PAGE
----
Dubliners in D-Day

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D-DayIt is impossible to say with any degree of certainty how many Irish took part in Operation Overlord, the Allied invasion of Normandy on 6 June, 1944. A precise figure for Irish enlistments in the British forces for the war as a whole is not available and estimates vary between 70–120,000 men and women.

Given the large Irish population in North America, we can be sure that Irish were also present in the Canadian forces who landed at Juno beach, as well as the American 1st and 4th Divisions which came ashore at Omaha and Utah, but trying to put a figure on Irish involvement, either in the invasion fleet, in the air above or storming the beaches themselves, would be purely speculation.

Irish regiments and formations played leading roles in the Allied attack on Normandy and were well represented in the 21st Army Group, which comprised of the Canadian First and British Second armies. The 4th/7th Royal Dragoon Guards (which contained the old 4th Royal Irish Dragoon Guards) was part of the 8th Armoured Brigade; the 2nd (Armoured) Battalion of the Irish Guards formed an element of the 5th Guards Armoured Brigade; the 5th Royal Inniskilling Dragoon Guards and the 8th Kings Royal Irish Hussars were part of the 22nd Armoured Brigade; the 1st Battalion of the Royal Ulster Rifles was part of the 6th Airborne Division, while the 2nd Battalion was in the 3rd Infantry Division.

The Royal Ulster Rifles was amongst the first Allied troops to touch down in France. The 1st Battalion landed by glider to the east of Sword beach and were preceded by the 591 (Antrim) Parachute Squadron Royal Engineers, who were tasked with clearing landing sites for the incoming gliders. 2nd Battalion Royal Ulster Rifles was amongst those who landed on Sword beach itself.

D DayInto the Jaws of Death, opposite, one of the most reproduced photographs to come out of D-Day. Albert Sutton, a Dubliner who joined the RAF, landed in Normandy shortly after the invasion and was surprised to find himself there as his officers had not informed the unit what their destination was. Although the beaches were largely clear by the time he arrived, danger still lurked for the unwary. The main threat to Albert and his comrades upon disembarking from the landing craft were uncleared mines and the beach was plastered with ‘Achtung Minen’ signs, all accompanied with a depiction of skull and crossbones.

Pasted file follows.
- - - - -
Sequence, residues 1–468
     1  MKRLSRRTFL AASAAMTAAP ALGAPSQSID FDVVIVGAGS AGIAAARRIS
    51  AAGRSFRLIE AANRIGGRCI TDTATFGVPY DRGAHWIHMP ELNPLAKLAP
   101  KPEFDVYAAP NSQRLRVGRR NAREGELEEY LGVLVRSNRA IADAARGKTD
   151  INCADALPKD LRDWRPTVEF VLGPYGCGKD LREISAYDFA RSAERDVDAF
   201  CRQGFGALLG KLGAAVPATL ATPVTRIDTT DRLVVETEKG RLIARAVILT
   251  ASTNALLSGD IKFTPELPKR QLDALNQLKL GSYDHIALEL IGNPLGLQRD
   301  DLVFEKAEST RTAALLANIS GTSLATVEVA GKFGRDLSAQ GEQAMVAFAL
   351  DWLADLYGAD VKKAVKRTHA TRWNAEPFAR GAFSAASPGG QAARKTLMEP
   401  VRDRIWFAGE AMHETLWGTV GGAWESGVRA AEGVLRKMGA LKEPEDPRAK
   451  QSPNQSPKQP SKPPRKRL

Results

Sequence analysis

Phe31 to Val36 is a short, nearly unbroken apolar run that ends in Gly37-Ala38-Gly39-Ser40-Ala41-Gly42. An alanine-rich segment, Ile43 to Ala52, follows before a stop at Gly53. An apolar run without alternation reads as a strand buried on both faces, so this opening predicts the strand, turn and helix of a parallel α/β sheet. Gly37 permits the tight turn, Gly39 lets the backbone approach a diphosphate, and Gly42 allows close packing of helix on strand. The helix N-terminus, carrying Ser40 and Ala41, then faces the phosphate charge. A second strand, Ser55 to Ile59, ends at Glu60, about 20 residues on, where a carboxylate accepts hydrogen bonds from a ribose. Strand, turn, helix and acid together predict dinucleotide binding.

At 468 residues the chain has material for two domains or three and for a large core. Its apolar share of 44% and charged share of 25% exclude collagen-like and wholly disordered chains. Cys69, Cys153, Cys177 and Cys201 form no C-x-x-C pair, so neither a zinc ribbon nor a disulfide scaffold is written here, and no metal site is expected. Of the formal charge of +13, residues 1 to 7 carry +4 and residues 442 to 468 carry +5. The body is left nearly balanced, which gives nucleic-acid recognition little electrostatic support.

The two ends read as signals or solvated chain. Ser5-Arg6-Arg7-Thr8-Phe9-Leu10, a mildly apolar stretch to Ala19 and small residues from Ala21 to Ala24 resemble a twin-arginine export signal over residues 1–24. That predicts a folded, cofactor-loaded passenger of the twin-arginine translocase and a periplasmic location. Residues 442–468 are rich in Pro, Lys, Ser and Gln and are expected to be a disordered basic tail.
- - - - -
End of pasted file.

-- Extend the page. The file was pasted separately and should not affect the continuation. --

One thing that always stuck in Albert’s mind was that he was warned not to stop to help any wounded comrades, as that would present a stationary target to any lingering Germans. As a Leading Aircraftsman (LAC), Albert’s role was to prepare temporary landing sites for British and Canadian air fighters and fighter-bombers, as well as repairing, refueling and rearming them while they were waiting. Having fought his way through France, Belgium and Holland, Albert ended up in Denmark in 1945; in 2017 he was made a Chevalier of the Order of the Legion d’Honneur, the highest French military decoration and belatedly received recognition of the role he played in the liberation of France.

Blogpost by: Bernard Kelly, Historian in Residence, Dublin City Library and Archive.

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